Psychologist: Oh, it sounds like you’ve been having a really tough time. I suggest you meditate for several minutes a day—yes, without a book or audiobook or whatever nearby—about the things in your life that aren’t books. You can tell your own story! Be your own hero! Conquer the integrals and the essays and the conversations! Because if the reason you read is to become part of another person’s story, then think of it this way: if you sometimes, just sometimes, do things that aren’t reading, you’ll have your own stories to tell. Even if those stories are just about how your psychologist projected her feelings about the horror of calculus onto you or how much fun it was that one time you hit someone with the book you were carrying—entirely by mistake, of course. You wouldn’t read if you didn’t love stories, so go find some stories to tell!

Patient #4: The Waiter

Patient: I have this problem where all the books I want to read aren’t going to be published for aaaaages. I’m addicted to the author’s twitter feed, where they post snippets once in a blue moon. I need the next book in that series, oh and that one as well, and I really have to read that debut that comes out in *sobs* eighteen months. Publishers Weekly is out to taunt me. In the long cold night of my despair, there are occasional bright spots, like cover reveals, but those are so few and far between that I’m beginning to give up hope.

Psychologist: Oh dear, I’m awfully troubled to hear of your affliction. You need to seek comfort in the arms of another book.  All the waiting WILL be worthwhile—that time goes into making a book that’s going to be really good, but it’s painful. There are thousands of already published books out there, and slavering after the ones you can’t have will only cause you heartache. There are a lot of good books out there—if you want recommendations, just tell me. Read something that will make you happy and calm. Immerse yourself in some other story for a few hours. And step by step, minute by minute, book by book, you will get to release date. You can do it. I have faith in you.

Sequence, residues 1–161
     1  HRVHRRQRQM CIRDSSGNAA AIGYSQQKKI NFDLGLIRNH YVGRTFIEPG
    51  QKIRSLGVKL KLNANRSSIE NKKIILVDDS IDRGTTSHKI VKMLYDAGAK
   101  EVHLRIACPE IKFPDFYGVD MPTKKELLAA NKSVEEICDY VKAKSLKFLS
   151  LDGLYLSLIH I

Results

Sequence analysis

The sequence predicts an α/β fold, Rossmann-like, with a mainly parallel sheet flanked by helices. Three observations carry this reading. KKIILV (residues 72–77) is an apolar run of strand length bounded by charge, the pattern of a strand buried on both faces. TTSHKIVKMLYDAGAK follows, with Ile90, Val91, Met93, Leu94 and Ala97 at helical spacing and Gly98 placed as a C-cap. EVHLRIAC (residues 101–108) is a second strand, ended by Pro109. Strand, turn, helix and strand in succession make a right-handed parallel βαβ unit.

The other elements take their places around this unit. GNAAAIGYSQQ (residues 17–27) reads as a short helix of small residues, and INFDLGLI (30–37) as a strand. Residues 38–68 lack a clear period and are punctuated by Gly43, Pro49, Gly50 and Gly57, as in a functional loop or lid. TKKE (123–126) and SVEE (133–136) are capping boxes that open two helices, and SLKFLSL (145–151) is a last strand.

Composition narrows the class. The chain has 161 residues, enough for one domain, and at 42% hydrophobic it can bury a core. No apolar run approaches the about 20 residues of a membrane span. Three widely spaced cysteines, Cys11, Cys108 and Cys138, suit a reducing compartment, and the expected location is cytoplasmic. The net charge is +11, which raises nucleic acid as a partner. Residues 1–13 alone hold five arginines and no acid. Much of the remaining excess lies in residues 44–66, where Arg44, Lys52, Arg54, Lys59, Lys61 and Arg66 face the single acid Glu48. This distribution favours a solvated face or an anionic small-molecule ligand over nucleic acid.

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5 thoughts on “YA Psychologist, part Two

  1. I AM PATIENT NUMBER THREE. SHANTI. HOW DO YOU KNOW ME SO WELL.

    I am patient number three… and I am coming for you.

    Sorry, I thought that would sound creepy so I had to try it out. In all seriousness, though, these were true and funny! Thanks for bringing them back!

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    1. Everyone suffers like Patient Number Three. I know I do. Yeah, that is a creepy. One of my favourite roadsigns that I’ve encountered says “Drive Safe. Someone is waiting for you”, which is hilarious imo. I’m glad you enjoyed!

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  2. I love this post so, so, so much. You should be a YA Psychologist for real, you would help a LOT of people, ahah. I have to say, I recognize myself in each of these things, but not completely? Sometimes, I’m a cover-buyer, but not for everything. I get obsessed about books that aren’t released yet, but not ALL the books, it’s a case-by-case thing. I sometimes think way too much about a particular book… Oh, I think I neeed a lot of help then, hahaha

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    1. Well I’m always here to offer advice if anyone needs it :). Yeah, I guess the point of the patients is that they’re extreme versions of actual bookdragons. Book obsessions can be very damaging, but in a good way (just like books break our heart in a good way. ) I’m so glad you enjoyed reading this!

      Liked by 1 person